27 Years in Power and All I Got Was This Bloody Revolution
Blaise Compaoré tried to change the constitution—but thousands of protesters stopped him
In an incredibly show of people power, hundreds of thousands of Burkinabè showed one of Africa’s longest serving rulers who’s boss on Oct. 30.
Blaise Compaoré has ruled Burkina Faso for 27 years, after leading a bloody coup to dislodge his predecessor, former best friend and socialist revolutionary Thomas Sankara.
But Compaoré’s staying power seems to have finally run out. A bid to change the constitution to allow him to stand for another term met with massive protests.
Protesters, said to number up to a million people, took to the streets on Oct. 30 to frustrate a parliamentary vote on the proposed constitutional changes, which aimed at abolishing presidential term limits.
The vote would likely have resulted in a constitutional referendum, but a two-thirds majority, which the ruling party could have secured with the help of smaller parties, would have let to immediate changes.
Pictures from this morning show a sea of people marching toward the national assembly, which was cordoned off and heavily guarded by Burkinabè security forces.
After several attempts, the protesters succeeded in storming the building. At least one person was killed during the fighting.
The national assembly was subsequently looted and set on fire, as were the houses of several ruling party members and other structures associated with the country’s elite.
It was at this point—at the latest—that elements of the security forces began switching sides. Compaoré’s brother Francois was arrested at the airport while a retired general and former minister of defense, Kouame Lougué, met with opposition politicians and the Moro-Naba, a traditional king with considerable political influence.
Lougué reportedly later led protestors to the presidential palace. There were gunshots and several people died.
What’s not to understand?
Speculation ran rampart that Compaoré had escaped the country to either Côte d’Ivoire, Sénégal or Morocco. The presidency finally published a statement via radio, around 4:30 p.m. local time.
The president had understood the will of the people and cancelled the constitutional amendment, according to the statement. He also announced the dissolution of the government, negotiations with the opposition and a state of emergency for the whole country.
He asked everybody to remain calm.
By this point, though, the people on the street might not be content with negotiations. Opposition leader Zéphirin Diabré has already rejected the state of emergency and called for the protests to continue.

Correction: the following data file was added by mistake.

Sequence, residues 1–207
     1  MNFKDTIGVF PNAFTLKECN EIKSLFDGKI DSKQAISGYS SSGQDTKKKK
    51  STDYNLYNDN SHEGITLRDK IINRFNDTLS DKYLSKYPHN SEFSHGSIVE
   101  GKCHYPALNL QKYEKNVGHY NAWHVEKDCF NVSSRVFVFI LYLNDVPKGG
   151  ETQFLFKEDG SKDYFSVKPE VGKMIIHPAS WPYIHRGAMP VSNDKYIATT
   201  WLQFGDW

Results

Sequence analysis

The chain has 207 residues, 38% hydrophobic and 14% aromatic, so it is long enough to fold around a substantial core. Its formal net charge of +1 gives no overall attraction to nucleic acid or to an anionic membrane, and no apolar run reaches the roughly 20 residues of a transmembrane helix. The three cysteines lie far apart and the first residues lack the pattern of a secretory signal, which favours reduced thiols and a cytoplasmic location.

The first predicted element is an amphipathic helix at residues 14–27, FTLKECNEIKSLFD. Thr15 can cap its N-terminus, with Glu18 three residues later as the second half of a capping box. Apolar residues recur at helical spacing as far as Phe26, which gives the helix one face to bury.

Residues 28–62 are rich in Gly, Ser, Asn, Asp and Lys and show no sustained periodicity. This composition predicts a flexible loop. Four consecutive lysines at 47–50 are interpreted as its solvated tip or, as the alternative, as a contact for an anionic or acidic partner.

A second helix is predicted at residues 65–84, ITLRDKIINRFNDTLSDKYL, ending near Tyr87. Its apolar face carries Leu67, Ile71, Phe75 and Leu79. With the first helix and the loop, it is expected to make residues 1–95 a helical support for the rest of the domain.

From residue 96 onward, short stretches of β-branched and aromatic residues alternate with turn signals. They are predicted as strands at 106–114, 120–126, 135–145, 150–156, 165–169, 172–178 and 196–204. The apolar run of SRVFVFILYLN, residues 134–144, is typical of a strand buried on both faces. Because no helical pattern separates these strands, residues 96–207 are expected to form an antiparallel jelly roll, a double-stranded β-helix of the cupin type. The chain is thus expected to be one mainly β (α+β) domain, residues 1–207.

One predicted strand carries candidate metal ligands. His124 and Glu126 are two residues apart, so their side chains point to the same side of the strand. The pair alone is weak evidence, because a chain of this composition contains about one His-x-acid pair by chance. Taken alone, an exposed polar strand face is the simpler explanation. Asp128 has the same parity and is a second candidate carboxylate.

It seems like Compaoré, who survived similar but much smaller crises in 2003 and 2011, won’t escape with his job this time. It seems unlikely he’ll run again next year.
And there’s no handpicked successor whom Compaoré could control from the shadows. Any attempt to groom, for example, his brother Francois could provoke similar opposition.
There are still some elements of the army, notably the presidential guard, that seem to still be loyal to Compaoré. But a descent into civil war is nonetheless unlikely.
Burkina Faso has no history of violent conflict and there are enough external powers with influence, chiefly ex-colonial power France and the regional organization ECOWAS, which have no interest in letting another country go down in flames.
The U.S. also has an important military partnership with Burkina Faso and is likely already scrambling to limit the fallout of the political standoff.
Counting out a full-blown civil war, only two possible scenarios remain— Compaoré’s immediate abdication or some kind of compromise that sees him leading the country toward elections next year, albeit with diminished power.
Indeed, the army has declared a curfew and a “transitional phase.”
This wouldn’t be the first coup in Burkina—Compaoré’s was the previous one. But it’s unlikely that the current tumult will lead to the sweeping political changes that the demonstrators are hoping for, at least in the short term.
Some observers—as well as Burkinabè on the ground—are raising the possibility that the army coup, whose leadership doesn’t seem to include the general Lougué, is in fact a ploy by Compaoré to stay in power.
Even if the military gives up power and Compaoré steps down, there are no real political alternatives. The protest movement was led in part by young local rappers such as Smockey and Sams K.
While popular, they don’t have the political standing in the overwhelmingly rural and conservative country to play a formal role in politics.
Meanwhile, Compaoré has expertly co-opted the political scene, leaving no prominent politicians who weren’t at some point part of his government or inner circle.
The ruling elite permeates politics, as well as the country’s economy and social fabric. Traditional authorities like the Moro-Naba, while possibly important to suppress open violence in the current situation, have also cooperated with Compaoré during his rule and have little interest in systematic changes to Burkina Faso’s politics.
So while the Burkinabè who took to the streets today were likely successful in their immediate goal of dethroning the only ruler many of them have ever known, a real renewal of Burkina Faso will take much more than a single day of protest.